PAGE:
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Vegetarian pad thai. Tasted about the same as restaurants I knew back in New York; sweet with only a hint of spice. I suspect it is because I had it in a touristy area.

The next time I find myself in Thailand, probably to see the White Temples of Chiang Rai, I will make it my mission to seek out real, authentic pad thai.

I spent the remainder of my time waiting visiting various touristy things; with more than enough temples already perused, I found two museums (where I learned a wealth of information about the ancient Kingdom of Lanna, of which Chiang Mai was the capital in ancient days) and a cultural center, primarily centered a stone’s throw away from the Three King’s Square.

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Eventually, enough time passed that I decided I ought to head to where I would meet my Chatty Swedish Sister.

I got there without incident, riding in the back of a “bus taxi,” one of many such vehicles, that appeared to be little more than a pickup truck outfitted to hold a pile of people in the back.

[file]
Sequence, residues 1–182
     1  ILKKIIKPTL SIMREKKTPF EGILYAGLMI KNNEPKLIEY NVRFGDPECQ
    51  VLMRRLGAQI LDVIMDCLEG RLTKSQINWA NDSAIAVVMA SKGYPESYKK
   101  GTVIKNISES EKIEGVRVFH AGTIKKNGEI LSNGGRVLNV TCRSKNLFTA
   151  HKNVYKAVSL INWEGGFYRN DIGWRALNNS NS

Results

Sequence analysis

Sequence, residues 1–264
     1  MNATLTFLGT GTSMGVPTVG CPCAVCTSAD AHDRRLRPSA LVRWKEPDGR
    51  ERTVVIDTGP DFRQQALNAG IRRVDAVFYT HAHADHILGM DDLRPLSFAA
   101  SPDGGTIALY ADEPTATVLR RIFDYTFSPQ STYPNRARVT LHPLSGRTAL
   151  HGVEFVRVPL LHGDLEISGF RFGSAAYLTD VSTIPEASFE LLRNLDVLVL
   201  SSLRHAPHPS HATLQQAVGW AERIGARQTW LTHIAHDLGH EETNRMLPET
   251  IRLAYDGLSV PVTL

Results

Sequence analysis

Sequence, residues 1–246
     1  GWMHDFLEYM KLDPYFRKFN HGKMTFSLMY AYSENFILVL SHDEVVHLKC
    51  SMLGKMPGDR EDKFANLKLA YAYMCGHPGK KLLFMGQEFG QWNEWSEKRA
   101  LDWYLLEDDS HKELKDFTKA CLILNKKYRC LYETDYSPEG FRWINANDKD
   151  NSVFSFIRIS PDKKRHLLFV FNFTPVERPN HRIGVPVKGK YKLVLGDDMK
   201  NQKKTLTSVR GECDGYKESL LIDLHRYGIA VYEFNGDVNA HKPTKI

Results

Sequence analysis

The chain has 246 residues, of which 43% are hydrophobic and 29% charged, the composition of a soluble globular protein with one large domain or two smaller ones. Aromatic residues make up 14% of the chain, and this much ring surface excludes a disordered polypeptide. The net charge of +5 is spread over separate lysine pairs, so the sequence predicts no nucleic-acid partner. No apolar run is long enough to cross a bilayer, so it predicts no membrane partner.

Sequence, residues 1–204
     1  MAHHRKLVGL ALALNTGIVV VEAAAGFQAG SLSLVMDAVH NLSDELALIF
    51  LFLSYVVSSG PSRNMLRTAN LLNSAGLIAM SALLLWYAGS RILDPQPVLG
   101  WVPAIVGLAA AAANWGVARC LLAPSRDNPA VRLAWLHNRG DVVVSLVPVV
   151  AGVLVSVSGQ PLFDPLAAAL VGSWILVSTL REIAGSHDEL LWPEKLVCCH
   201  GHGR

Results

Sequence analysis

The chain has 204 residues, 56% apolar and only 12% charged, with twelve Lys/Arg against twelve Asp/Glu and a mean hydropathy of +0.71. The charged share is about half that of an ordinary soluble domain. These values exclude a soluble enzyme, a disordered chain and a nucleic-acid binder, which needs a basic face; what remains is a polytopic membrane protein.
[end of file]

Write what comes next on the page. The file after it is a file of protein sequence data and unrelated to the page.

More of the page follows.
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Nothing could have prepared me for the experience at the place where I’d meet my friend, the place she had spent the last few months working.

The Chiang Mai Tiger Kingdom.

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4 responses to “Thai Adventures (Pt. 1)

    • Indeed! Thailand is at an interesting part of the world where influences of India (such as Hinduism and Buddhism) collide with more East-Asian stuff. You see the result in the attitude and art, as well as the religion.

      I didn’t know Hinduism was big in Trinidad! Very cool.

    • Yeah, I had to restrain my disappointment with the pad thai, hehe.

      And yes, I was in South Korea a few years ago. One day in the future, I may hop on a plane to visit some old friends there, since Việt Nam is pretty much a stone’s throw away!